Where True Intimacy Starts in Marriage

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This issue goes to the core of us. We stop at the outward appearance and don't look any further.

God does not look on the outward appearance but on the heart.2 If God's focus is on our heart, shouldn't ours be as well?

In essence, my outward appearance did reflect how I felt about myself. I wasn't sure I was worth all the energy it was going to take to get healthy. When I changed that negative mindset to a positive, things begin to change on the inside and spread to the outside of me.

Having this kind of change both internal and external helped me finally move toward true intimacy with my husband. That meant risking revealing my wants and needs. I didn't know it at the time, but my emotional vulnerability laid the foundation for true intimacy to grow.

In the past, if my husband had a long day at work and was tired, went to bed, turned off the light, rolled over and began to snore, I took it as a rejection of me. It would set up the cycle of thinking I was inadequate because of my weight, which would escalate into me taking inventory of all of my inadequacies.

Wait! Could it really be as simple as he was just tired?

We have come a long way since then to the point we reveal our wants and needs to each other.

We share the simple acknowledgment that it's been a long day, but tomorrow can start early. We know, really know, our love is a commitment we both embrace fully. We are more bonded because of honest communication and total acceptance.

Sex is an act that most any two adults can perform. Intimacy is in a totally different category. Intimacy combines the emotional and spiritual act of love with the physical, taking things to an entirely new level. It's not about an "act." It is all about a relationship.

I have been happily married for 37 years, but I have been enormously satisfied for the last five years. Yes, part of it was because I finally surrendered my food addiction to God and began the healthy-living journey.

I stopped trying to be perfect and finally began to feel comfortable in my own skin. It is so true that love is blind, at least to the physical aspects. Love, however, is not blind to emotional barriers that keep us at arm's length from our mate. They know it. They feel it.

It's not within them, though; we always focus there first. And it's not with our exterior, though that's the next place we look.

It's inside us, maybe buried so deep we are afraid to search for it.

The walls I erected for protection went up in part because of some negative experiences with men and boys in my childhood. When I handed these excuses to God, He gave me joy in return. And the walls crumbled.

Walls can't stand in the face of joy. It's just not possible.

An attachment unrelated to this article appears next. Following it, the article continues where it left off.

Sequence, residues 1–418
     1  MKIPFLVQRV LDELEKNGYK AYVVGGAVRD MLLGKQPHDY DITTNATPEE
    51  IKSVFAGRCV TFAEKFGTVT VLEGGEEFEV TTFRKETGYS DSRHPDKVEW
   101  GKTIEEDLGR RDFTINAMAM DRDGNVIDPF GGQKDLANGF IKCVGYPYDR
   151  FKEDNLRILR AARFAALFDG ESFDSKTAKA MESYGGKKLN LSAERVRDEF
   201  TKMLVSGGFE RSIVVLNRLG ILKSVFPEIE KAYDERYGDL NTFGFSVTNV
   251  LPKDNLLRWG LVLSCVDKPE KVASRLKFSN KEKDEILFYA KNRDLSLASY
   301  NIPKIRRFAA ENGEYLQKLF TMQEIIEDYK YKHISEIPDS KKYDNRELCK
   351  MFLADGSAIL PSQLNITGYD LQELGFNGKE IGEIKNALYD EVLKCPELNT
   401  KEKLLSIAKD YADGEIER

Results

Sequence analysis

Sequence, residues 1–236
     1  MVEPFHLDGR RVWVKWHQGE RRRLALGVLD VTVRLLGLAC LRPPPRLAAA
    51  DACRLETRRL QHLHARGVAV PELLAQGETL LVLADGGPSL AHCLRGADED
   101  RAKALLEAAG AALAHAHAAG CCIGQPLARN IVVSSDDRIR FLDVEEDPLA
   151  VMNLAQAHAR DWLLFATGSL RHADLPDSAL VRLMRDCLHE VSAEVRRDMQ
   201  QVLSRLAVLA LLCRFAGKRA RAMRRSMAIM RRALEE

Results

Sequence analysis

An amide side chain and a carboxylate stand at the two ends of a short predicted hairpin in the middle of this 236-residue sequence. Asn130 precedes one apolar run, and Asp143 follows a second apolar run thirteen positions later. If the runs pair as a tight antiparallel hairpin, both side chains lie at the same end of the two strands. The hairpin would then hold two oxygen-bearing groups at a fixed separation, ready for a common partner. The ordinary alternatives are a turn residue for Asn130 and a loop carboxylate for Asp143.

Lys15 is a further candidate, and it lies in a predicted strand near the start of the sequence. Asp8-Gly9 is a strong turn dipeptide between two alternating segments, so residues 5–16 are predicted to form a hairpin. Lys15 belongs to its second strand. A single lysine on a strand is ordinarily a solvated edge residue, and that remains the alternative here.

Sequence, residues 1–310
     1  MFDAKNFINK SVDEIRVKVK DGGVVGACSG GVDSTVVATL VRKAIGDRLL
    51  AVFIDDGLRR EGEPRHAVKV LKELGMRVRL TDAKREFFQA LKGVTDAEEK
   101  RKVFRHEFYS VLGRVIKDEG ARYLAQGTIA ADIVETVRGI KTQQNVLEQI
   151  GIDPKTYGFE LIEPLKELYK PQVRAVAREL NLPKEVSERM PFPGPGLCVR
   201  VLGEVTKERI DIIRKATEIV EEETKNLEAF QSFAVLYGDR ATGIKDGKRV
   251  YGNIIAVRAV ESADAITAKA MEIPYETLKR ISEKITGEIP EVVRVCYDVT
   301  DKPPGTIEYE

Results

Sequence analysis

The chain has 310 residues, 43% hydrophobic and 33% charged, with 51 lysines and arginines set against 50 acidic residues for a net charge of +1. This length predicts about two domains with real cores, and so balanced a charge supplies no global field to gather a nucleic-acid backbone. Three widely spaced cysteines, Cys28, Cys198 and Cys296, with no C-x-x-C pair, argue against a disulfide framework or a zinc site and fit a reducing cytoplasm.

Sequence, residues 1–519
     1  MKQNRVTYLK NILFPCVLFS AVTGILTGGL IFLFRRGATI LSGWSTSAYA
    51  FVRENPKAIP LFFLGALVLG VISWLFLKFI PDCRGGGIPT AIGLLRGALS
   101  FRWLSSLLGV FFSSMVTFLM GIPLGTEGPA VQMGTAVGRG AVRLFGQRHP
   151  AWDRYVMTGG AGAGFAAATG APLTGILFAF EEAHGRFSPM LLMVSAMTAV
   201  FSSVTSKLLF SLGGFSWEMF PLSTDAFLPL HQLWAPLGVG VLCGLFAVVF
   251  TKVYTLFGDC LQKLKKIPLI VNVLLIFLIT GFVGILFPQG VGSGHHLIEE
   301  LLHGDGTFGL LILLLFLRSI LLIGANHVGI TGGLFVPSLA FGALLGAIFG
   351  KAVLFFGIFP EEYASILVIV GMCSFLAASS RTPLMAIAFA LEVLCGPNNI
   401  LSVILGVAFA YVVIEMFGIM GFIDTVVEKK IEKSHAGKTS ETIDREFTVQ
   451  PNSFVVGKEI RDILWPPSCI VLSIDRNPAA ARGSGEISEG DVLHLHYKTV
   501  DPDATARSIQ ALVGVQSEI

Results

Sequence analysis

Truth hit me strongly: My husband has always loved me. If something happened tomorrow and our relationship ended, I would be the better for having loved full out, for having given him access to every hidden part of me, especially those difficult emotional parts. It was this realization that became the basis for opening up, being real, connecting deeper.

I began with trepidation to reach out, heart in hand, feeling very, very fragile and way too revealed. He responded with care and love in a way that sent our relationship to new levels.

Would it have happened if I hadn't lost weight? Probably not. The emotional barriers and weight gain were so intertwined it was hard to tell where one began and the other ended. The reality is, when I was willing to remove the covering of shame, guilt, anger and frustration and reject the lie that God won't take care of me, any fear of intimacy vanished.

I know I am loved, but more than that I know I am worthy of being loved.

When I was writing Sweet Grace, I asked my husband what has changed since I lost weight? He answered, "I can get closer to you—physically, emotionally and spiritually." I so love that answer.

I was listening to an inner-healing session where the coach asked the woman how she felt after giving some things to God. She said, "I feel much lighter. I feel like I've lost hundreds of pounds of weight."

I have lost 260 pounds of physical weight and tons of emotional baggage. I have gained true intimacy.

I pray similar miracles happen for you when you begin to love yourself as God loves you.

How can you make that happen?

1 Mark 12:30-31 NLT

2 1 Samuel 16:7

Teresa Shields Parker is an author, blogger, editor, business owner, wife and mother. Her book, Sweet Grace: How I Lost 250 Pounds and Stopped Trying to Earn God's Favor is available on Amazon in print, Kindle and Audible HERE. This story is from her blog, teresashieldsparker.com.

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